Friday, December 17, 2010

CD Review: Bruce Springsteen, 'THE SEEGER SESSIONS' (2006)

CD Review by John Pietaro


Columbia Records, released 4/20/06

Bruce Springsteen’s latest release, We Shall Overcome: The Seeger Sessions is not actually an homage to Pete Seeger, but to the power of song itself. This most prototypical musician/activist’s aura hangs over these sessions like an oracle, yet none of the selections are actually Seeger compositions, not are they all pieces specifically associated with him. Here’s a collection of roots sounds that fuses traditional styles toward the production of a daring, edgy fusion, at once familiar and new. Stylistically it ranges from gutbucket blues to Cajun funk, old-time string band serenades to to New Orleans marches and Celtic laments, with a smattering of honky-tonk thrown in for good measure. Not one note was wasted and, as Springsteen clarifies in the liner notes, these sessions were recorded live with a seventeen-piece ensemble that he’d never formally rehearsed. This album breathes, as it needs to in order to make the statement it naturally expresses. Outright protest music? No, but it’s a protest more by inference and example. He encourages the listener to experience the sessions and what begat them.

The album opens with a burst by 5-string banjo player Mark Clifford, offering the first nod to Seeger, who almost singlehandedly resurrected this majestic instrument, born of the pain of African slaves and poor whites in the rural South. That the first song is “Old Dan Tucker”, a traditional fiddle tune, was no accident. Here Springsteen arranges his string and horn band to drive it home in rare form. Statements from banjo, fiddles and horns are threaded throughout. The excitement continues with the next number, “Jesse James”, the ballad that offers the poverty-stricken viewpoint of this legendary bandit who “stole from the rich to give to the poor”. Each song’s lyric is thankfully printed in the CD booklet, accompanied by a short, historical paragraph, a very important aspect for such a project. Within, Springsteen reminds listeners that Woody Guthrie revised “Jessie James” as a protest song in the 1940s; it is regrettable he did not include Guthrie’s version, “Jesus Christ”, in light of theonslaught of the Christian Right in our own time.

Though this album is not specifically radical in its selections, several songs make clear statements and remind us that Bruce Springsteen is the guy who forbade Reagan’s use of his song “Born in the USA” in the 1984 election. One example of Springsteen’s unabashed progressivism is “Mrs. McGrath”, an Irish anti=war ballad that dates back to the nineteenth century but was strongly associated with the 1916 Easter Uprising against the imperial British. The lyric warns us, “All foreign wars I do proclaim/live on blood and a mother’s pain…” One cannot help but draw conclusions to evening news reports from Iraq and Afghanistan. Other notable protest-oriented selections include “John Henry” – the man vs machine myth, particularly strong in the imagery of Henry as an African American worker; “(Keep Your) Eyes on the Prize” – a powerful spiritual that became a Civil Rights anthem; and of course “We Shall Overcome” which Seeger helped adapt for and perform with Civil Rightsd activist who fought in the heart of that struggle.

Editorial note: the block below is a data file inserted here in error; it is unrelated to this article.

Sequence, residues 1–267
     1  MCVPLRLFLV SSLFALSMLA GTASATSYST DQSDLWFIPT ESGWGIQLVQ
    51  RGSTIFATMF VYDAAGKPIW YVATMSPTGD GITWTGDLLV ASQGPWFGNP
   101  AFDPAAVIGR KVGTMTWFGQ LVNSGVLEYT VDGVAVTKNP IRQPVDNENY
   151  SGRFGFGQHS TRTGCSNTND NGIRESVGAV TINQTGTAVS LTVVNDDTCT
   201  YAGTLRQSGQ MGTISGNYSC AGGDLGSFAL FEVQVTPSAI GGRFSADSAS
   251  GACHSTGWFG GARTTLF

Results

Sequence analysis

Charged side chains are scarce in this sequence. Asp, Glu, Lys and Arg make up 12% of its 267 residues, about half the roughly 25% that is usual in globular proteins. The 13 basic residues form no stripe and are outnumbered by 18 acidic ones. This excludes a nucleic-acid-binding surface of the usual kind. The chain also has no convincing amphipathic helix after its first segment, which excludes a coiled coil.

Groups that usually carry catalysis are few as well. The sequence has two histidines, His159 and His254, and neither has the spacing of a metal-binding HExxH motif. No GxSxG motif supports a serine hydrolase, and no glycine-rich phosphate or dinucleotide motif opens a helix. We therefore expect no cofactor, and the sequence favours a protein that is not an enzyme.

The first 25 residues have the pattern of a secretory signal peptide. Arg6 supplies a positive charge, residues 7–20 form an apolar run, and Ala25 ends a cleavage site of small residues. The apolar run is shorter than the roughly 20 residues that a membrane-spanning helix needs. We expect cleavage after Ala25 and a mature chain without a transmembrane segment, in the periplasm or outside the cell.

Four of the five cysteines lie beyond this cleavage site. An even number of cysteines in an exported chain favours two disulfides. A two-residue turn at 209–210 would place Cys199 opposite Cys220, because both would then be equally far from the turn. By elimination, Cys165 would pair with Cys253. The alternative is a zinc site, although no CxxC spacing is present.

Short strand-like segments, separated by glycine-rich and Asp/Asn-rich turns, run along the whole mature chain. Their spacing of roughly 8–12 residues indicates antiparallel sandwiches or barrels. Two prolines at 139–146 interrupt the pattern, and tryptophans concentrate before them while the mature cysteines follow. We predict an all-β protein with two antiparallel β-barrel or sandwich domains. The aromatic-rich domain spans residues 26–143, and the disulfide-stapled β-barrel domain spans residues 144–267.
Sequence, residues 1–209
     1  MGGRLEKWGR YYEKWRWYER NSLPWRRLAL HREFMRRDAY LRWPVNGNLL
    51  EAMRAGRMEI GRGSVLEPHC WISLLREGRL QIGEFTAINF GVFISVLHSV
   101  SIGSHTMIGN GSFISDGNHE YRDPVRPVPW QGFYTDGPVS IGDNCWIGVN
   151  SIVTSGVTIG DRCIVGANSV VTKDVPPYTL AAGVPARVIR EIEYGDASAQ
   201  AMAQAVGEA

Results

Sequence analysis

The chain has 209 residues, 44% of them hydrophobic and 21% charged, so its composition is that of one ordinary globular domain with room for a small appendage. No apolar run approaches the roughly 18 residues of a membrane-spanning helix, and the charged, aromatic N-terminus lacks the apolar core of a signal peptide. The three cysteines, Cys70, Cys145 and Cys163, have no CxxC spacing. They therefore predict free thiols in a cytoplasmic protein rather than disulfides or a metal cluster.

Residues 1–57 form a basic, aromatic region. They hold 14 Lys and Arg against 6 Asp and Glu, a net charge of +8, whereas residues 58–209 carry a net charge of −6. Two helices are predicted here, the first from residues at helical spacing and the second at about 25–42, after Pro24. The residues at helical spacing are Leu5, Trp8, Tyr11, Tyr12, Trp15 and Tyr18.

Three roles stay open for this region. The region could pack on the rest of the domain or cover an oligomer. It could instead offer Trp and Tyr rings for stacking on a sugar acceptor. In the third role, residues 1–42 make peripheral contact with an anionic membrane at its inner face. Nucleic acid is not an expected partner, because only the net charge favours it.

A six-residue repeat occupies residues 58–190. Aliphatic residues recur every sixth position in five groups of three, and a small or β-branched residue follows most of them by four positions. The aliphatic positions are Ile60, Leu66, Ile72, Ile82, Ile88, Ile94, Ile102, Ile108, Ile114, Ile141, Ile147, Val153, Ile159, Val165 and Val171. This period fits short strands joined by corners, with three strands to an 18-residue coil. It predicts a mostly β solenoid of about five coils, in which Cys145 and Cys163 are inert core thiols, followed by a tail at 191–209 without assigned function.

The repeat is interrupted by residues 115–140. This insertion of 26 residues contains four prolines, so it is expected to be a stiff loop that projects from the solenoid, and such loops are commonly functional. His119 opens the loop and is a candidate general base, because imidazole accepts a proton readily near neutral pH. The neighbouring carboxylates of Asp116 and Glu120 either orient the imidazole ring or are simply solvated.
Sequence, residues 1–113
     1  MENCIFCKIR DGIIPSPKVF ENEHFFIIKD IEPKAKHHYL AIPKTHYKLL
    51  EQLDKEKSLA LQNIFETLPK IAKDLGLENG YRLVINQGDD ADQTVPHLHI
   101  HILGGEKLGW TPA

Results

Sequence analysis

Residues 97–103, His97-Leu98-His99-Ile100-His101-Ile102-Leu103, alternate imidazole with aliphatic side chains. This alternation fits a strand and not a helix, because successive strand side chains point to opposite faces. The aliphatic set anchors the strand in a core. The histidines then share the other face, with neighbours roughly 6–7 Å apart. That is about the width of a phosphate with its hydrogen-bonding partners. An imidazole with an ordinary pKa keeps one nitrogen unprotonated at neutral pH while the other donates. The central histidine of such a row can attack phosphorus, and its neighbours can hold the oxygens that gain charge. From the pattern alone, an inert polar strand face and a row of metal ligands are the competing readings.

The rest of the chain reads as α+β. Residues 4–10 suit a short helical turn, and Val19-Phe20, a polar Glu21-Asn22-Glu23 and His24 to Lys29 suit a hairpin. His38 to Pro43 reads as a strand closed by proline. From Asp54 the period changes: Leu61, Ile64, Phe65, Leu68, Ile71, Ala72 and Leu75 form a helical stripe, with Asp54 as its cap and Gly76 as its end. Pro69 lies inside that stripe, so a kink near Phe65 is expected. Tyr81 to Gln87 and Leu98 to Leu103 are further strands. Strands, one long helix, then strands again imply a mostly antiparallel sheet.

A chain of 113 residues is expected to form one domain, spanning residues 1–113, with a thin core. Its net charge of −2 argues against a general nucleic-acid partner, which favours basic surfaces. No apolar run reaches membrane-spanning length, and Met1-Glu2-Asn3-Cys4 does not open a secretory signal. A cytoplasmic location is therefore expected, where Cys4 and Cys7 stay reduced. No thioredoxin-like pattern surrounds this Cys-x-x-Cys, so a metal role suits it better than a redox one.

Appropriately, Springsteen included one song by a Seeger associate, Agnes Sis Cunningham. Sis was an Almanac Singer in the 1940s and founded ‘Broadside’ magazine a generation later. But she was also a strong writer of outspoken, ironic songs. Springsteen could easily have chosen one of her more pronounced topical pieces (she was composing these clear into the 1990s), but instead tied the protest to the land itself with her song “My Oklahoma Home”, a tale of the 1930s Dustbowl. This traumatic period for the southwest turned more farmers into communists than any war or political part could have, so it is befitting that Springsteen chose this piece citing the injustice.

Other selections herein are moving renditions of numbers we’ve all heard Seeger perform over the years such as “Oh, Mary Don’t You Weep”, “The Erie Canal” and “Jacob’s Ladder”, among others. The musicians help Springsteen to create a well thought out, beautifully recorded work. Fiddlers Suzie Tyrell and Sam Barfield, as well as all of the others, are outstanding throughout. The use of collective improvisation in the three-member horns section spoke volumes of a contemporary New Orleans still fighting the effects of disasters both natural and Executive. The one sad note is that such an offering would have been better served with a multi-cultural ensemble. Apparently the all white group was not by design, as Springsteen clarifies in the notes that this is largely a pre-existing band he adopted for the disc. Though this CD remains highly recommended for listeners young and old, one can imagine the weight of the statement if the Seeger Sessions Band included displaced New Orleans musicians of color. At last count, there were still a few of them out there seeking meaningful work.


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